Britain expresses regret for Māori killed during Captain Cook's arrival

The British High Commissioner made history on Wednesday when she gave a formal expression of regret for the killing of Māori when Captain Cook first came ashore.

But many say it should have been a full apology for the deaths of nine Māori killed in Gisborne during the first encounters with Cook.

Today's events were shrouded in secrecy and were not meant to be made public.

Almost 250 years after Captain Cook first made land here in New Zealand it fell to British High Commissioner Laura Clarke to take responsibility for his actions.

Clarke was welcomed onto Te Poho o Rawiri Marae where she expressed Britain's regret for the pain caused by the first encounters and acknowledgement that the pain hasn't diminished over time while extending sympathy to the descendants.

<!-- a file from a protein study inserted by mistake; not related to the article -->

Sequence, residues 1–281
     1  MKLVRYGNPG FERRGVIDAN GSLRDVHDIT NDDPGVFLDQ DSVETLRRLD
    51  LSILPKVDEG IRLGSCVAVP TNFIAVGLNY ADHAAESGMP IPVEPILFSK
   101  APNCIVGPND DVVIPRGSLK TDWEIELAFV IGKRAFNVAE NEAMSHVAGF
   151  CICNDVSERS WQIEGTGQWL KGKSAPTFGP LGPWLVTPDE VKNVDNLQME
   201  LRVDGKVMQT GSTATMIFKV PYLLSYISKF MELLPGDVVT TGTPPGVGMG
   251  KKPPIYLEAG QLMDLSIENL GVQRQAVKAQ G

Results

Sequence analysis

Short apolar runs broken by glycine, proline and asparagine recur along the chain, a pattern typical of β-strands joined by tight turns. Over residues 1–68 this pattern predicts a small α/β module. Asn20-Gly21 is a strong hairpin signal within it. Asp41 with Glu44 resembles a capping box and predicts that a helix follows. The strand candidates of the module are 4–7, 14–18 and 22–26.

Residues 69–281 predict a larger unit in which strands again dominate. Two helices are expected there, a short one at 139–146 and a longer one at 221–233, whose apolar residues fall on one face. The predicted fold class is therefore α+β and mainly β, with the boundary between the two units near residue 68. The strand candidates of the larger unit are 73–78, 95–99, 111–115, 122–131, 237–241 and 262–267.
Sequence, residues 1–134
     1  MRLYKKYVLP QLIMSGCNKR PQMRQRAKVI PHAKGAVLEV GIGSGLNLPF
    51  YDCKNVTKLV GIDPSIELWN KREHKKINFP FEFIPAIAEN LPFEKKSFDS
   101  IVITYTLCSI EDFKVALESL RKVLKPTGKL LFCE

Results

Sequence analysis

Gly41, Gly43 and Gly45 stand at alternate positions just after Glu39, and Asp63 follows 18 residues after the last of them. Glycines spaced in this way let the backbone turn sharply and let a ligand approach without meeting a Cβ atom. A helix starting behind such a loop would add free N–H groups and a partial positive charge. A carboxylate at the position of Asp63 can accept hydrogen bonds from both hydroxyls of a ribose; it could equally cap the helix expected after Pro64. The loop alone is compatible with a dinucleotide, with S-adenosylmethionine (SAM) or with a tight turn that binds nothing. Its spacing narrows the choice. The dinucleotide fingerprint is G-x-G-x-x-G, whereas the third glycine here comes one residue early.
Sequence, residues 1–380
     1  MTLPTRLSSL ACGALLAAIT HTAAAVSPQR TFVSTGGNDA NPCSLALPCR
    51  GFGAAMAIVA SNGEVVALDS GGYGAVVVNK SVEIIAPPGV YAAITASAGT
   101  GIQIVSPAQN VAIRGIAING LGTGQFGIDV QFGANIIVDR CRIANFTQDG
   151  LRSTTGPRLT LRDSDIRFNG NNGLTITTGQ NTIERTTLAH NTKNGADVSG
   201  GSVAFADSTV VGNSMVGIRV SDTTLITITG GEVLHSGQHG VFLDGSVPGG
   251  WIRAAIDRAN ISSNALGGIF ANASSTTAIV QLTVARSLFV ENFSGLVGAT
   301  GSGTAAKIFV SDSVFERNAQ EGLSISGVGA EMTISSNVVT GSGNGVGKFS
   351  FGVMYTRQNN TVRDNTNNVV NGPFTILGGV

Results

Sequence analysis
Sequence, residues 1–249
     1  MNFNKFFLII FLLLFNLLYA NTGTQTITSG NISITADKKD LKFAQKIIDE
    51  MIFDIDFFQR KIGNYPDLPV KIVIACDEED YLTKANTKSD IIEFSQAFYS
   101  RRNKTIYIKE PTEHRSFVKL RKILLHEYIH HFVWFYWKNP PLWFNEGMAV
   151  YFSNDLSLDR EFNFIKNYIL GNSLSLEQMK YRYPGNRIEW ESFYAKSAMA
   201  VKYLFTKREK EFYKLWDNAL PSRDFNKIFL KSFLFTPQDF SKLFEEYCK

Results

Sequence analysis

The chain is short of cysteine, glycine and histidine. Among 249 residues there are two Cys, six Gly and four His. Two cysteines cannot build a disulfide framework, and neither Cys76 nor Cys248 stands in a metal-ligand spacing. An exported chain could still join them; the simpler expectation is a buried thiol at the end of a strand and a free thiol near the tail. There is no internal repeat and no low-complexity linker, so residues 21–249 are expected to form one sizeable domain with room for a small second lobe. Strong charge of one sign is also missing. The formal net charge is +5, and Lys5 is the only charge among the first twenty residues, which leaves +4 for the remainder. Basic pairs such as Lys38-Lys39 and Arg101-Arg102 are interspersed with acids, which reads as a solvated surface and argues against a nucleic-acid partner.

"I acknowledge the pain of those first encounters," she said. "I acknowledge the deaths of nine of your ancestors, including Te Maro who were killed by the crew of the Endeavour."

That acknowledgement is believed to be the first of its kind in New Zealand history.

On October 8 1769, Captain Cook sailed into Poverty Bay onboard the Endeavour. Within half an hour of his first excursion to shore, his men had killed Te Maro, who was earmarked to become a chief. Captain Cook later expressed his own regret over those first encounters in his diary. 

The meetings were at the request of Turanganui-a-kiwa iwi, who wanted that history acknowledged. The British High Commission worked with them for months to prepare for today, which was designed as a first step in helping heal wounds which have been passed down through generations.

But Race Relations Commissioner and former Gisborne Mayor Meng Foon says it doesn't go far enough.

"A full apology would be the ultimate thing to do," he says.


Contact Newshub with your story tips: